I had a feeling this wasn’t going to end well.
You may have heard about the lawsuitÂ filed by the Girl Scouts of the USA against the Boy Scouts of America for infringing on their trademark by dropping “boy” from Boy Scouts, calling it insteadÂ Scouts BSA.
The complaint is that the change marginalizes the programs of the GSUSA because it can lead the public to think that its programs are not true “Scouting” programs, but rather, as they put it, “niche services with limited utility and appeal.”
Among the damaging effects the GSUSA says it has suffered is the confusion that has arisen. Families, schools and communities are being told that the two organizations have merged, they say, or that the Girl Scouts have folded operations. Parents interested in Scouting for girls have mistakenly signed up for Cub Scouting instead of one of the GSUSA’s programs for younger girls, according to the lawsuit.
While it studies the lawsuit, the BSA stated that itÂ “applaud[s] every organization that builds character and leadership in children, including the Girl Scouts of the USA.” The statement goes on to say that they believe that there is room for both organizations to serve girls and boys in our communities.
While I doubt that the BSA set out to put the Girl Scouts out of business, the reality is that both organizations are struggling with membership loss, largely due to the competition from other extracurricular activities as well as increased demand on young peoples’ time. By providing opportunities for girls to participate in our core programs, the BSA can effectively double its reach and hopefully notch an increase in membership. Further, one of the intents of the change was to allow girls to earn the rank of Eagle Scout, something that only boys had the opportunity to realize. (The fuss is something of an oddity, considering that with very few exceptions, Scouting organizations in the rest of the world are co-ed and have been all along.)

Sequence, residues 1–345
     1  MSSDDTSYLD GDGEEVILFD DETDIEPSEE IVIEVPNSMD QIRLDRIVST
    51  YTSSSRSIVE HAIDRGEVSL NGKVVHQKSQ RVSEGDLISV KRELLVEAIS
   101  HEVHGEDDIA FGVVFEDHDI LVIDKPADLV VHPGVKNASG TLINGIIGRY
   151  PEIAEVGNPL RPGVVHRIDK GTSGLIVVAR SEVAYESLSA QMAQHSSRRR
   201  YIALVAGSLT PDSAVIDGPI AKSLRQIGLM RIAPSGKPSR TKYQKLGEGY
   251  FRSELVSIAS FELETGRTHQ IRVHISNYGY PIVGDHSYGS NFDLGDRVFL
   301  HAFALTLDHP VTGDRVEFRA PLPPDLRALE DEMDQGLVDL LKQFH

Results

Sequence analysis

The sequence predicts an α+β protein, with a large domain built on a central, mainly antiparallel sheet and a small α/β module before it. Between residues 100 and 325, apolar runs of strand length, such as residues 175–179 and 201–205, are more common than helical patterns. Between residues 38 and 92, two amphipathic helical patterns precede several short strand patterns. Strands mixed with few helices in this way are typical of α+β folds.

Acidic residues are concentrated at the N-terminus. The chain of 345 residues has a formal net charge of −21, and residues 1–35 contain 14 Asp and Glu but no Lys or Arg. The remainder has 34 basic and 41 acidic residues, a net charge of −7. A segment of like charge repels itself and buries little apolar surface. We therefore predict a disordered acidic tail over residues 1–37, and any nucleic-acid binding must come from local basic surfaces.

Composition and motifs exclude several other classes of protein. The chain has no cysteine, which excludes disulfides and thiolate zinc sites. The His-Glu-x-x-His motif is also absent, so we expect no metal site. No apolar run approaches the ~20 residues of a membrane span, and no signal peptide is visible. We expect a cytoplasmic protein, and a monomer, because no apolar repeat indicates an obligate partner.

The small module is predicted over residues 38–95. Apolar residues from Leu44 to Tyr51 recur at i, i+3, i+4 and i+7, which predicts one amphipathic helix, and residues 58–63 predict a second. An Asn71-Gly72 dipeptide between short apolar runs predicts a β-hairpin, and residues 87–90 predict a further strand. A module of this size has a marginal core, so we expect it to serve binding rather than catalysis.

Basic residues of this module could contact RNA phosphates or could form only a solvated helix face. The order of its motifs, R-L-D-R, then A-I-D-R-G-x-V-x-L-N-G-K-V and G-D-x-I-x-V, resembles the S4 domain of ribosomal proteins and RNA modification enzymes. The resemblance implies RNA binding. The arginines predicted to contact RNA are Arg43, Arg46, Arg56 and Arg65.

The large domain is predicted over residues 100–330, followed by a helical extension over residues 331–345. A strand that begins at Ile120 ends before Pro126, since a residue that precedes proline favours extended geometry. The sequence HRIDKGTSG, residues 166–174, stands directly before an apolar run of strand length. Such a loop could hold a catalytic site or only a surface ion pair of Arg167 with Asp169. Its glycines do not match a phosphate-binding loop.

This all points to a need for us as volunteers to be especially careful in the way we represent the BSA and our programs. The BSA has provided us with some guidance on how to represent our family programs in Cub Scouting and Scouts BSA. Here are a few of the guidelines:
- Don’t put the words “girl” and “Scouts” together. Doing so directly infringes on the GSUSA’s trademark. Girls who are members of the BSA areÂ not “Girl Scouts” – they are female members of the BSA. Call them “Cub Scouts” or one of the ranks, or just “Scouts” in a Scouts BSA unit. This applies to promotional materials, printed documents, websites and at meetings.
- Don’t use GSUSA names, logos or symbols. Again, we are not them and their symbols must not be combined with ours.
- Don’t compare our programs to other youth organizations.Â Scouting is unique and there really is no comparison. We do many things that other youth groups also do; each has its own appeal depending on the child. No one program is right, or wrong, for everyone.
- Don’t misrepresent the BSA.Â If you get an inquiry about Girl Scouts, point them to the nearest GSUSA unit or council. (It’s a good way to learn who’s who in our sister organization.) If someone from the news media contacts you for a statement or opinion, decline to offer one. Instead, refer them to the BSA’s national public relations office. It’s important that we as volunteers don’t misrepresent the organization as a whole, and the PR folks at the National Council can provide the definitive answers.
- Do correct anyone who says we’ve merged or that we are the same organization. Do so politely (A Scout is Courteous) but make it clear that both still exist.
- Use official logos, service marks and terminologyÂ when referring to our programs. The BSA has a brand center that contains scores of logos, promotional artwork, email templates and more to ensure that you are communicating about Scouting the right way.
Many of these guidelines are illustrated in a Branding Dos and Don’ts infographic that you should share with your unit leaders. It’s part of the Family Scouting resource page with much more information on the program.
This post first appeared on Bobwhite Blather.